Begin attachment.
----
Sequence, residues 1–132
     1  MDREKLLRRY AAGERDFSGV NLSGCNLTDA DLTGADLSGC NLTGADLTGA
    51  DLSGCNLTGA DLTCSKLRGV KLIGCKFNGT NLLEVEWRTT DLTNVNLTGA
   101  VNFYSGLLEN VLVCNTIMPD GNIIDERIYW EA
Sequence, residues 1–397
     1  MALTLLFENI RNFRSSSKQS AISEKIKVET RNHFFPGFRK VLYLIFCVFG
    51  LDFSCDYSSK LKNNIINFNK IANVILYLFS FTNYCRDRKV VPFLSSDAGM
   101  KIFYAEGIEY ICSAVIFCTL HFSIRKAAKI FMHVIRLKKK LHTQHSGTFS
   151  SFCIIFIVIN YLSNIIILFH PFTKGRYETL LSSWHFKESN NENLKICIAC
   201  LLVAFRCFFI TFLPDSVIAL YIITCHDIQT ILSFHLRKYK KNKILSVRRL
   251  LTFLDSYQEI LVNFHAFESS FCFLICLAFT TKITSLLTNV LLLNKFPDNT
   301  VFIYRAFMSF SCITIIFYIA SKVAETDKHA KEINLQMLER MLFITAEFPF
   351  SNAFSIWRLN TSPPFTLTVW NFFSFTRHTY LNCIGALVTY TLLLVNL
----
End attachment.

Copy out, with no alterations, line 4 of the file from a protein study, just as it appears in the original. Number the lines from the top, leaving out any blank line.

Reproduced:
   101  VNFYSGLLEN VLVCNTIMPD GNIIDERIYW EA